Approximating Queue Semantics in Non-Persistent Messaging

Solace provides the ability to approximate queue semantics within the non-persistent publish and subscribe environment. This is useful for a number of reasons –

  1. It operates at rates an order of magnitude higher than persistent messaging, i.e. a million messages per second rather than 100k messages per second.
  2. It allows load balancing of requests across a number of instances providing services to the application, e.g. entitlements checking, grid processing engines.
  3. It allows fault tolerance of services to the application, e.g. entitlements checking, grid processing engines.
  4. It allows JMS users to effectively build applications that do not want persistence, or durability, but that do want to use queue semantics rather than topics (JMS does not allow you to name temporary queues).
  5. On application removal there is no state kept within the message transport domain

Deliver-To-One

Figure 1: Direct Messaging – DTO Load Balancing from a Topic

Deliver-To-One (DTO) is a Solace Extension to the standard Publish and Subscribe pattern. It allows the Solace appliance to mimic queue behaviour in the  pub/sub messaging world where queues do not formally exist. The application can use DTO to provide the fail-over and load-balancing behaviours that are typical of queues.

Deliver-To-One is a property of the published message, i.e. the publisher must flag a message for delivery to a single client by setting the DTO property to true. The way subscribers receive the messages that are sent with the DTO flag  set are dependent on their ‘connection priorities’:

Figure 2: Direct Messaging – DTO Fail-Over from a Topic

  1. If all of the subscribing clients connect with the same priority then this is the equivalent of a Non-Exclusive queue and messages will be load-balanced across the connected clients.
  2. If clients connect using different priorities then this is the equivalent of an Exclusive queue and the highest priority client will be the only client to receive messages.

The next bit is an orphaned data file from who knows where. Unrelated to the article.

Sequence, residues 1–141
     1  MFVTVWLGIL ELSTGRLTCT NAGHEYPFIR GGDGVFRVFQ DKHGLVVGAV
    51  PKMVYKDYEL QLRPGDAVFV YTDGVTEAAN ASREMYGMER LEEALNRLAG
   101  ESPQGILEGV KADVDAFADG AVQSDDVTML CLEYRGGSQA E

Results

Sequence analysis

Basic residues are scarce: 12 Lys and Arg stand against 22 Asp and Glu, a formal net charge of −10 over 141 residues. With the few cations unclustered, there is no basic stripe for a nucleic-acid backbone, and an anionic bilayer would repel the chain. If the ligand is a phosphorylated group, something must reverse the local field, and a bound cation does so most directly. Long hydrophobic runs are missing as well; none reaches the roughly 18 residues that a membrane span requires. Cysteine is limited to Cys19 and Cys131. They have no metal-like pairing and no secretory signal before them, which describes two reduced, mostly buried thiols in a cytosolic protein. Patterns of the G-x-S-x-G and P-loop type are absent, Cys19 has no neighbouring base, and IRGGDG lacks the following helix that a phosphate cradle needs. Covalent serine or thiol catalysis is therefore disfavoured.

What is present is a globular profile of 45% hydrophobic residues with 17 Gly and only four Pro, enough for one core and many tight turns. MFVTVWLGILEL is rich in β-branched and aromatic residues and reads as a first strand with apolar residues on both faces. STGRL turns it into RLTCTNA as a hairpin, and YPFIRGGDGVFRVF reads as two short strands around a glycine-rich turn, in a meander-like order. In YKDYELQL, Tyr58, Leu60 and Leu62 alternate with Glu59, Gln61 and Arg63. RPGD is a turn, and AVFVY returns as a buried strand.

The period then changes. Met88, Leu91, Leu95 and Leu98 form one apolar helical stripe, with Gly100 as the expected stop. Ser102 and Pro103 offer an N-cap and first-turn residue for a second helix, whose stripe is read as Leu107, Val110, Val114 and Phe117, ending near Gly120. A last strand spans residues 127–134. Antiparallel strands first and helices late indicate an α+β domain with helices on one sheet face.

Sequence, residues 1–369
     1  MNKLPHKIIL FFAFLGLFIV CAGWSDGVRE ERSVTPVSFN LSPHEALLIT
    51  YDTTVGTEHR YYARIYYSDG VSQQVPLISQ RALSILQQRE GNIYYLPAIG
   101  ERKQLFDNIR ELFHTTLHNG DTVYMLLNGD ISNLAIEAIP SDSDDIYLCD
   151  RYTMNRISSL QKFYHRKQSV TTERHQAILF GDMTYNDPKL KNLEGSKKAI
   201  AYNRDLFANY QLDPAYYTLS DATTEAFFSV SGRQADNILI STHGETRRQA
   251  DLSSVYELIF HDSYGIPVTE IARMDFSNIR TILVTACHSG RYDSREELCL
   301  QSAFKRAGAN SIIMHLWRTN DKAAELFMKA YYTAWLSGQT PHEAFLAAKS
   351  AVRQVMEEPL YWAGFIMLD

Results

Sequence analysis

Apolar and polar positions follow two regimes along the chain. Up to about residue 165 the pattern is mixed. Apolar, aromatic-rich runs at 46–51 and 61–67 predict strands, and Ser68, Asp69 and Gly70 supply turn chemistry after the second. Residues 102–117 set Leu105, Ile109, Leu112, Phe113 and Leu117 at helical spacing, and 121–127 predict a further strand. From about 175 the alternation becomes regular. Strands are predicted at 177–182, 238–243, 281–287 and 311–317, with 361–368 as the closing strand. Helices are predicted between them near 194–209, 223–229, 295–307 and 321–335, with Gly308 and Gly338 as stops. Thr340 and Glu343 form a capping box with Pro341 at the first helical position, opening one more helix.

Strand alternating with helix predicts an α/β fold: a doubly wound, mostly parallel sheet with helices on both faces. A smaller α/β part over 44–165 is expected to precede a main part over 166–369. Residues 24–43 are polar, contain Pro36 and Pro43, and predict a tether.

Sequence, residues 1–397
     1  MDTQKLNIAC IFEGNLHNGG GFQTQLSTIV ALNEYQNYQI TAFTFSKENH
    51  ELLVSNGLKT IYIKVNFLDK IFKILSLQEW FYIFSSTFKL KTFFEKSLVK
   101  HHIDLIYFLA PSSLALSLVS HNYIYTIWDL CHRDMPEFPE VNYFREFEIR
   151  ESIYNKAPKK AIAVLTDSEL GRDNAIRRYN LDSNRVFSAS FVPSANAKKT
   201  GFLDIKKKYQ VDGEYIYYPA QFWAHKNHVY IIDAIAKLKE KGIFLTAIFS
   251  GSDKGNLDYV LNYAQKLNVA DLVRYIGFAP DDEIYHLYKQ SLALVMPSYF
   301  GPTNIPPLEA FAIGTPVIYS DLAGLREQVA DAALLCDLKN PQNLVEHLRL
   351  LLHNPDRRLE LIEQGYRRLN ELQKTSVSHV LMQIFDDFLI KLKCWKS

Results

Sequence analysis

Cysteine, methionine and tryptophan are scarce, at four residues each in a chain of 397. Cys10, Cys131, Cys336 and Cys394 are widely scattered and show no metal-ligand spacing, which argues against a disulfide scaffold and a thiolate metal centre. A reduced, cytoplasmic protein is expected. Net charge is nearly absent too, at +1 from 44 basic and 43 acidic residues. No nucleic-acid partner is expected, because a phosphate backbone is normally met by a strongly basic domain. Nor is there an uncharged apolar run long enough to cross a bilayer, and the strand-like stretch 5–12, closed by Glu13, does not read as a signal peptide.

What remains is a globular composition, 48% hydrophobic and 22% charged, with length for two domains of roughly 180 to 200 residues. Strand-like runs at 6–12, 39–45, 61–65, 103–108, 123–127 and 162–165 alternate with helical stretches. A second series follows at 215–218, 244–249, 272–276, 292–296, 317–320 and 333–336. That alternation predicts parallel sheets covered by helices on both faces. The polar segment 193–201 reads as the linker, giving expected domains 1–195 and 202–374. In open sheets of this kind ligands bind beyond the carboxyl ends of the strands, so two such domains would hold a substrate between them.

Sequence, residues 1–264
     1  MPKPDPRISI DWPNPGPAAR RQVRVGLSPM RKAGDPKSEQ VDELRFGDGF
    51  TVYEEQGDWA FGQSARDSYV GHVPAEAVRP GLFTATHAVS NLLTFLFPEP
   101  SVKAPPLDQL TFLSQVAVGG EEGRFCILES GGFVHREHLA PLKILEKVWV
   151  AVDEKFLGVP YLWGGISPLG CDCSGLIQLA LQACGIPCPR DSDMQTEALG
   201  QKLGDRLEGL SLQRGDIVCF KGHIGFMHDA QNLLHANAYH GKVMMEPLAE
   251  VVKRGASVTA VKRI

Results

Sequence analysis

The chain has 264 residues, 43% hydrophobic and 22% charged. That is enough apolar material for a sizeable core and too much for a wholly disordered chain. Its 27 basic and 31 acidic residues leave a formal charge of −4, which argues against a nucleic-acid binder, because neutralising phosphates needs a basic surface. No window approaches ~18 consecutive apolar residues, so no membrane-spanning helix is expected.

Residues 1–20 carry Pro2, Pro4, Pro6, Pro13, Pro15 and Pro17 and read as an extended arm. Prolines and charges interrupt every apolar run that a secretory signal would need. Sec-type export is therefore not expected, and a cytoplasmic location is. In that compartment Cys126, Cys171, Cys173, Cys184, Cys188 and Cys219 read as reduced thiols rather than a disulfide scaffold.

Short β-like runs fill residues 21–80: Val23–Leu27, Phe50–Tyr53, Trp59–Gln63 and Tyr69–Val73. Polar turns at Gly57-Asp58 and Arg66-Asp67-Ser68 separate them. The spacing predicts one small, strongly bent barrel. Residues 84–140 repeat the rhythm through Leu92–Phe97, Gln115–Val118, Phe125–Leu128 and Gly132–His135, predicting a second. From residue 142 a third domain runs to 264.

The two modes of DTO operation are shown in the accompanying figures. It is also worth noting  that the two modes are NOT mutually exclusive. It is possible, although unusual, to mix modes, i.e. 6 clients connect, 3 at priority 1 and 3 at priority 2.

The priorities used by subscribers, to determine their role in DTO, are supplied as session properties to the SDK.

There is one important limitation compared to queues in the persistent domain. There can be only one instance of a specific topic that is “deliver-to-one” within a VPN. This means that there is no ability to publish to a single topic and have it applied to two separate DTO groups.

Deliver-To-One-Override

DTO allows a user to mimic queue behaviour using extensions to standard publish and subscribe mechanisms. However, in doing so it prevents certain applications from using the same mechanisms to take a copy of the message for auditing, replay or monitoring purposes.

To allow these applications to still function solace also provides a Deliver-To-One-Override function that may be applied as part of the subscription. When the subscription flag is applied the clients that override DTO will receive a copy of the message in addition to the client that is part of the DTO group and will receive the message as part of the DTO process.

Generic Use-Cases

There are a number of use-cases that can make use of the DTO facility

  1. Computing Grid Job Distribution
    1. Client disconnection as well as job failure status would result in the job being resubmitted by the scheduler.
    2. Grid nodes report job in progress allowing Grid monitor to detect lost jobs and arrange resubmission.
    3. In the event that a processing engine restarts and reconnect to the appliance there is no ‘stale’ state, in terms of messages to be delivered, that must be cleared before processing can resume.
    4. Typically suitable for shorter durations jobs where re-submission of a failed job is acceptable when weighed against a simplification of application logic.
  2. Distribution of Incoming Requests
    1. Service agents listen on, and Clients send incoming requests to, a shared topic for the initial contact.
    2. The Solace appliance distributes requests across the available service agents.
    3. This provides resilience and also provides the ability to deploy more service agents to cope with increased loads, for long-term growth or simply to cope with short-term spikes in traffic.
    4. Service Agents respond on the incoming messages reply-to
    5. In the message exchange is multi-part then the service agent my include its own unique topic for subsequent message exchanges thus supplying a ‘stickiness’ to the distribution.